Next on my list was the rest of Aeschylus. The remaining plays being Persians, Seven Against Thebes, Suppliants, and Prometheus Bound.

Persians is a recounting of a Persian defeat at the hands of the Greeks from the perspective of the Persian count when they first hear the news. Interestingly, Aeschylus was actually present during the conflict and so it is generally assumed that his portrayal of events is at least somewhat accurate. It reads like some elaborate ancient theatrical equivalent of tea-bagging. The only thing that really caught my eye was a brief segment where it is explained that Persia and Greece are sister nations, born of the same parentage. Linguistic evidence certainly supports this, Persian and Greek both being Indo-European languages. I just find it somewhat surprising that they were still vaguely aware of their common ancestry and that they were willing to acknowledge such a kinship with a nation they were continually at war with.

Seven Against Thebes is the story of Oedipus' sons' fight for control of Thebes. They were unable to rule together peacefully on account of their cursed parentage. The bulk of the play is spent describing who will defend which of the seven gates against a corresponding number of enemy commanders in elaborate detail. The actual battle is mostly skipped over in the text. The story resumes after the battle, the defenders having won but the two brothers having killed one another. Because of the characters involved, I probably would have gotten more out of this if I had already read Antigone and the Oedipus plays first. Fortunately, those are all first up when I move on to Sophocles next. On a sad note for any Japanophiles who may read it, however, this play definitely undermines a lot of the claims regarding the stunning originality of Seven Samurai. But classic literature does that to pretty much everything.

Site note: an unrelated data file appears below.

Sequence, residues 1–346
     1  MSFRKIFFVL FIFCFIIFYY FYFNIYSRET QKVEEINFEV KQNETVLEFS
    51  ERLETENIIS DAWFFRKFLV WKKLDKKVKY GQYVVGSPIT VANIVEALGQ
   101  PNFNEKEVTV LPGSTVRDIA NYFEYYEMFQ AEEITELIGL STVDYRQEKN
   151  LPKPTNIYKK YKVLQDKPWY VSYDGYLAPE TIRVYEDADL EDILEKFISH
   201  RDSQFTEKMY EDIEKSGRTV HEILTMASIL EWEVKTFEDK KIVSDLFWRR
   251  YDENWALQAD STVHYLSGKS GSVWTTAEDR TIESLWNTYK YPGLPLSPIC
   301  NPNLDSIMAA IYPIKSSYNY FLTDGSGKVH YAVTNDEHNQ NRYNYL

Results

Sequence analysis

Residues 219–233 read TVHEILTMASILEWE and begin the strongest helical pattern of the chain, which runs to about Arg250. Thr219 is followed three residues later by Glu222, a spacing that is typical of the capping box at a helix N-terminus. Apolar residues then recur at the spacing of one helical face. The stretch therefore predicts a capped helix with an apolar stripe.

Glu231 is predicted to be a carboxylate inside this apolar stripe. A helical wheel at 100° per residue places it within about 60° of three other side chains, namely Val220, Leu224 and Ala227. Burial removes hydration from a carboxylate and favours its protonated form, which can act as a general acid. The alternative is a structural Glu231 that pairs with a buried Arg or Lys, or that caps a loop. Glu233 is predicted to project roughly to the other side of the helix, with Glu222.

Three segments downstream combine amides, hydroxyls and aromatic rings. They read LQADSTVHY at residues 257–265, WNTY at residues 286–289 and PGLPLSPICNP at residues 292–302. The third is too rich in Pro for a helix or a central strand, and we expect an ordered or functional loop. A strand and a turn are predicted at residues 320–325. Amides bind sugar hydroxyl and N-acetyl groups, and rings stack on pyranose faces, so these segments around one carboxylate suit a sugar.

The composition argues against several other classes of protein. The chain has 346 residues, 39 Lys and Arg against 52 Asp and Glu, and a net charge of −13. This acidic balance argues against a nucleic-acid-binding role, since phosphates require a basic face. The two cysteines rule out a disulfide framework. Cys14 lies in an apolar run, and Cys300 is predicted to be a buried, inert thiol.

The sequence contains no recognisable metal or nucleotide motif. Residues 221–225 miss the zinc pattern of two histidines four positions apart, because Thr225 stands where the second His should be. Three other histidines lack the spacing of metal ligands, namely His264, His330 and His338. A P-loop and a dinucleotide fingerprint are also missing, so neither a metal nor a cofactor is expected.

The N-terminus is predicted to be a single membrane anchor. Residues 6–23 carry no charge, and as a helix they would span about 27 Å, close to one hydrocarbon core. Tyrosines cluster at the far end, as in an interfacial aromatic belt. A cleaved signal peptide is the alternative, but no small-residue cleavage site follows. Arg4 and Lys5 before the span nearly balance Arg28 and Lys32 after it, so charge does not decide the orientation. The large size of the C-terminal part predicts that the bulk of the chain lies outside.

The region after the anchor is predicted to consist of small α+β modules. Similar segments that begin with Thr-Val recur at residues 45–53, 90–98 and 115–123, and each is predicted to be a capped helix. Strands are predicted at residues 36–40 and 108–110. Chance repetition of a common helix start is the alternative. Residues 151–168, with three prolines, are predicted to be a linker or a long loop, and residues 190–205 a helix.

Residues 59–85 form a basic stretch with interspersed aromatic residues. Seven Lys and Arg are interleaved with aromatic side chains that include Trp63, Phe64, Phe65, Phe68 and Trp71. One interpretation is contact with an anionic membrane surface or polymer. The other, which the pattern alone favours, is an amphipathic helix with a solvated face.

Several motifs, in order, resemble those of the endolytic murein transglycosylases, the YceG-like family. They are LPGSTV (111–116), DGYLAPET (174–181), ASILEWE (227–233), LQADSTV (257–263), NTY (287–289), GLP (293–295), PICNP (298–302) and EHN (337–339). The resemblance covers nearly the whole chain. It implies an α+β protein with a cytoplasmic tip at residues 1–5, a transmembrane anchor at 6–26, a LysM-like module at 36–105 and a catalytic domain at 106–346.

Suppliants picks up the story of Io, the girl who was turned into a cow by Hera so that Zeus wouldn't sleep with her only to have Zeus turn himself into a bull simply to sleep with her anyway, several generations later. Io had wandered to Egypt in cow form where she was made human again. She had Zeus human-ish child. Several generations later, one of her descendants returns to Greece with his daughters in order to avoid forced marriages to Egyptian noblemen who happened to be their cousins. The people of Argos and their king choose to defend them when the Egyptians show up and they all presumably live happily ever after. The story is a pretty strong condemnation of involuntary marriage. It also serves as a kind of founding myth for Argos as well as an explanation of Greece's supposed kinship to Egypt.

Prometheus Bound opens with, well, the binding of Prometheus in "unbreakable" chains by order of Zeus. Though he helped Zeus in his glorious revolution against Cronus and the other Titans, Zeus became enraged when Prometheus gave mankind knowledge of fire and mastery over his own thoughts. The bulk of the story is told by means of Prometheus recounting his story to Io who just happened to wander by in cow form. Zeus is described as something of a power-mad tyrant and a fool who would not have won against the Titans without Prometheus' advice. Given how strongly this clashes with normal depictions of Zeus, even Aeschylus' own depictions in his other plays, I really wonder how well this played with its contemporary audience. On the surface it seems like blasphemy. But can a society that continually reworks the stories of its gods as popular entertainment really have a sense of blasphemy like us silly moderns? Probably not.